I lived and worked in Turkey for a while some nineteen years ago -- as the agent for a firm that manufactured a special industrial diesel-motor vehicle in cooperation with a Turkish concern at a factory in Manisa. And as time passed, I established a friendship with one of the managers of the Turkish company. A friendship that continued to flourish even after my 'duty tour' was over and I had returned to England...
Every year (if possible) I'd return to Turkey for a short holiday -- during which I'd make a point of visiting my friend Ergun, in Eski Foça. And on one of my visits, he introduced me to his newly acquired 'house pet' -- a donkey named Ninni! Well, not quite a house pet, really, since this donkey remained tied to the trunk of a large tree in the field in front of Ergun's block of flats, at all times. But it was obvious that Ninni had found a place in Ergun's heart, if not in his flat...
Ninni and Ergun circa 1979
The year following, I was again able to arrange a short Turkish holiday -- but, to my surprise, when I dropped in at Ergun's place I found that Ninni was no longer 'at home'.
"What happened to Ninni?" I asked.
"It's a strange thing," my friend replied. "One morning after I got up, I went out in the field to feed her -- but she was gone! Just disappeared. That was three months ago. And up to now, I haven't heard any news about her."
Another year passed. And this time while on my 'standard' two week Turkish holiday, I stopped by Ergun's flat again as usual. After we'd said our hellos and made a little pleasant conversation, I suddenly spied Ninni through the window -- tied to her place under the tree in the field.
"Ergun bey, it looks as though your long-lost donkey has returned -- what's the story, I wonder?" I asked.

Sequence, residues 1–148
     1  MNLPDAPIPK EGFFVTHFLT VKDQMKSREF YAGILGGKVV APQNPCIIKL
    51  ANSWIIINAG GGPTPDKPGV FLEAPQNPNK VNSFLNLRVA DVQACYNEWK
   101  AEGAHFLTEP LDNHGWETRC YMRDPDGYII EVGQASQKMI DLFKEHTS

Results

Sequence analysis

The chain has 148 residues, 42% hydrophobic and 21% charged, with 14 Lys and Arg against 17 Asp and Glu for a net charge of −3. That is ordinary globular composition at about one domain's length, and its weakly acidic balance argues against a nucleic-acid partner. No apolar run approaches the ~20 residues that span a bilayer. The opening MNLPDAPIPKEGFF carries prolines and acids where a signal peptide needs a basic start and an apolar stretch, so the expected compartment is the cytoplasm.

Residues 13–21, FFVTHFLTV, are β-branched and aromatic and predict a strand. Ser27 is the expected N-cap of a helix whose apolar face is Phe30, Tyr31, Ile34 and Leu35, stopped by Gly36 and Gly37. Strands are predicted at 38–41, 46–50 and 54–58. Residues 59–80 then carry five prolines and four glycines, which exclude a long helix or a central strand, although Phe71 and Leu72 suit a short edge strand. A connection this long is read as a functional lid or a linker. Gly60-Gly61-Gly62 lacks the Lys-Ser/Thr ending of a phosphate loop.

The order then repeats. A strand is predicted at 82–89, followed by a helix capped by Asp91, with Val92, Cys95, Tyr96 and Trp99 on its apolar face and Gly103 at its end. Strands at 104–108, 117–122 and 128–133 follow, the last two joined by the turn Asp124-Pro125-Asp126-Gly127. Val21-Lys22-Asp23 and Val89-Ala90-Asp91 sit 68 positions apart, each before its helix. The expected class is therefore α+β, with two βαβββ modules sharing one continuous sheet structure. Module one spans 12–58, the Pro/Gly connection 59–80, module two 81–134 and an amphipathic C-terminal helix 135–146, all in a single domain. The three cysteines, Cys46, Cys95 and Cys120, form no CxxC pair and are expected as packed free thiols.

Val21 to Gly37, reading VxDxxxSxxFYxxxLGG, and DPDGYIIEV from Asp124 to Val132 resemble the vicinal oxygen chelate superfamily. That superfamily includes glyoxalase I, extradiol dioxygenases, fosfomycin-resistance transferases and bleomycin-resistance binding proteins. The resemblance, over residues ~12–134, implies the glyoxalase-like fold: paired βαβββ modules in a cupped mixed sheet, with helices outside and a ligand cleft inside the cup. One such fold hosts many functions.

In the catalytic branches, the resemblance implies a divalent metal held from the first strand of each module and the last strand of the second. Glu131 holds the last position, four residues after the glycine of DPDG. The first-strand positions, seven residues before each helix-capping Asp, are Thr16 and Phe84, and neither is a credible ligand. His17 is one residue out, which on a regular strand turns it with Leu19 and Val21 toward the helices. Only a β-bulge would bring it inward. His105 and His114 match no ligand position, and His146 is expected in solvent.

"Ahhh," he sighed, "Well, six month's ago I was surprised to see a notice in our weekly provincial newspaper. It said:
Found - An un-tethered donkey
Please apply -- Bağarası Köyü
"So, I immediately picked up the phone, and contacted the man who'd placed the notice -- a farmer. According to what he said, the animal seemed to resemble my Ninni. And when I went to Bağarası Köyü to have a look for myself I found that, sure enough, it was she.
"Trouble was...When I thanked the farmer and got ready to leave, he said, 'Just a second, sir. This business isn't quite finished, yet...'
"'Why, what is it?', I asked him..."
"'Well, before I could stop the animal, she ate half a field of my tomatoes. And, afterwards, in the time since I placed the notice, we've been feeding her -- for three weeks, now. Let's see...The tomatoes will cost you 300,000, the feed is 40,000 --- so if you don't mind, the total will be 340,000 TL.' [Ed. Quite a large sum in those days.]
"What could I do, John? Such a pity, I had no choice but to pay him the money he asked. Big money, for such a bad reason. Big money..."
When I next went to Eski Foça -- I wasn't very surprised to see that Ninni no longer 'lived at' Ergun's place. It came out in conversation that he'd sold her to recover the money he paid to get her back from the farmer, in the first place. It was Ninni's punishment thereafter to have to work for her 'supper' at the home of her new owner.
Sadly, Ergun died last year at age 56 after a short
illness. But being the type of chap he was ("The beer's in the
fridge -- but please serve yourself and bring me another one while you are at it," he'd say...), we won't let that interfere with our fond memories of him.
jjg (June '00)